Monday, May 18, 2009

The Last Gasps of an Evil Industry

Despite the fact that the dog track industry in Massachusetts refused all help in worker retraining from the state and private sources, they're now begging lobbying intensively for an extension to the deadline in which they cease to exist - citing the jobs. From the State House News Service (sorry, can't link):
High-ranking state lawmakers are considering changes to another voter law, mulling strategies to provide both quick and lasting relief to the state's dog racing industry – including a two-year delay of the dog-racing ban voters mandated last November....

“Inasmuch as the voters went to the polls, I wonder if the election were held today, given the set of circumstances we face with regard to the economy, if the voters would have a different thought,” said Rep. Brian Dempsey, House chair of the Economic Development Committee, which oversees gambling legislation. Dempsey said no plan was currently in place to extend the implementation date.
When an industry refuses state help in retraining or shifting its workers to other industries, it's extremely disingenuous to then use a small number of jobs as an excuse to continue to kill and maim dogs. The very fact that those jobs are now at risk is actually a part of the public relations campaign of the track industry -- the people behind those jobs are at much greater risk precisely because the track industry is using them as pawns and refusing to help retrain them. If the workers were retrained and rehired elsewhere, there'd no longer be any Raynham and Wonderland jobs at stake.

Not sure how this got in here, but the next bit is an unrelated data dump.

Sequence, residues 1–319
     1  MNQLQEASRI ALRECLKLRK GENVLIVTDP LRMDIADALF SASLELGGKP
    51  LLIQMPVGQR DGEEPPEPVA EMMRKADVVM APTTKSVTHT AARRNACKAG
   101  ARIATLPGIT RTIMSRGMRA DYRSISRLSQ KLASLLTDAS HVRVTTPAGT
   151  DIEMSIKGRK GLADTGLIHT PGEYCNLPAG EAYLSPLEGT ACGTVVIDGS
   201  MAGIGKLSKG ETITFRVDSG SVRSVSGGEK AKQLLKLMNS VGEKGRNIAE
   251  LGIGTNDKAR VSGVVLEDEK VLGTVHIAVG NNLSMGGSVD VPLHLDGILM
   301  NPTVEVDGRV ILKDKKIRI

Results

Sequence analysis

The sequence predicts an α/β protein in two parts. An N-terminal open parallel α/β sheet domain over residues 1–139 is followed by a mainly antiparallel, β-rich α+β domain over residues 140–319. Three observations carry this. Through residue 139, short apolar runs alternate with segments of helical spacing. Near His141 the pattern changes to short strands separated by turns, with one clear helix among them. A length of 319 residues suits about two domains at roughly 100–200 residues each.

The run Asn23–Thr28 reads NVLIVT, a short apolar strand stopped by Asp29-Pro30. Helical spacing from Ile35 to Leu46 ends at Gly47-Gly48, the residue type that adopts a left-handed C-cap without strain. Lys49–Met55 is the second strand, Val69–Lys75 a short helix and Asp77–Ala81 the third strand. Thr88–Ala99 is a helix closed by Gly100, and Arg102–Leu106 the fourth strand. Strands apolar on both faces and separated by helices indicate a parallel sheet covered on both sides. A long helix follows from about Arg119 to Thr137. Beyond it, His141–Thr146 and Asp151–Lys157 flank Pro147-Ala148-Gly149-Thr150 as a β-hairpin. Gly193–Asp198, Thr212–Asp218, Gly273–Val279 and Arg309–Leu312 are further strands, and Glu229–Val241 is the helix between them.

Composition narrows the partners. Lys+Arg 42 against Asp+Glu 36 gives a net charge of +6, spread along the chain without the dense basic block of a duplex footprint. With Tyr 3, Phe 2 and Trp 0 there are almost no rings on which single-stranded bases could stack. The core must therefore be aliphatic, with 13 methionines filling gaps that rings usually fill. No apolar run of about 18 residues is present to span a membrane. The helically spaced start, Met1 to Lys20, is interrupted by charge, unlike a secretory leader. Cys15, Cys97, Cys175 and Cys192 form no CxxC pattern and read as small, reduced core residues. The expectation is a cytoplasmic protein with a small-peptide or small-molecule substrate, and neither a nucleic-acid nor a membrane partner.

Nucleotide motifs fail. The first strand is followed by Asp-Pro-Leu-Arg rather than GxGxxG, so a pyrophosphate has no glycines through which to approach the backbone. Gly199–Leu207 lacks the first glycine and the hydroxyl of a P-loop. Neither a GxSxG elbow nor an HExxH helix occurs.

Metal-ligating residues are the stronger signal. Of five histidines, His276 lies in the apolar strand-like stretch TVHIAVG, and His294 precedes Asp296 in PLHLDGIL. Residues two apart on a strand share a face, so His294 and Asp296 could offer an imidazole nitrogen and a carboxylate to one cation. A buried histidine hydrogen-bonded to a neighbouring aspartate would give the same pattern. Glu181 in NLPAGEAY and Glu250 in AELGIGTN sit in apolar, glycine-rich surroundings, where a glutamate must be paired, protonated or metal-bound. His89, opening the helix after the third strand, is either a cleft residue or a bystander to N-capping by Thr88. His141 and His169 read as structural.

But this is nothing new for any card-carrying members of the gambling lobbies. One of their frequent tactics is to continue to push for new rules and regulations that lead to a never-ending expansion of their interests. Whether its any number of the expansions to the state lottery or Rhode Island's racino begging for longer hours, less restrictions and smaller taxes, gambling industries always want more, more, more. Why would anyone ever think such tactics would stop at overturning the will of the voters from just a few months ago?

With the dog industry going bankrupt, though, one has to ask why these tracks are so desperate to stay open. Forcing these things closed, in terms of potential profits, is actually a thing of mercy. Companies that lose millions every year shut down -- but keeping the actual tracks open is not the modus operandi here. This is really all about slots. The day the tracks are sold, it's that much less likely there will ever be a racino in Massachusetts. The death of the dog track industry -- and their hopes to add slots -- can't come soon enough.


Anonymous said...

OMG, Ryan! Did you ever get this one right.

No one goes to see racing any more except for senior citizens who are bored and haven't figured out what else to do in life.

This is a dead industry and it's time to bury it.

Do we see any corset manufacturers being saved?

Anonymous said...

What don't legislators understand about my vote?Only on Beacon Hill could they find an excuse or think I would change my mind.Retrain the workers and let them find new jobs.We're wasting more energy trying to save a dead industry that is nothing more than a front for slots.It's time to plan for a future that doesn't include gambling.

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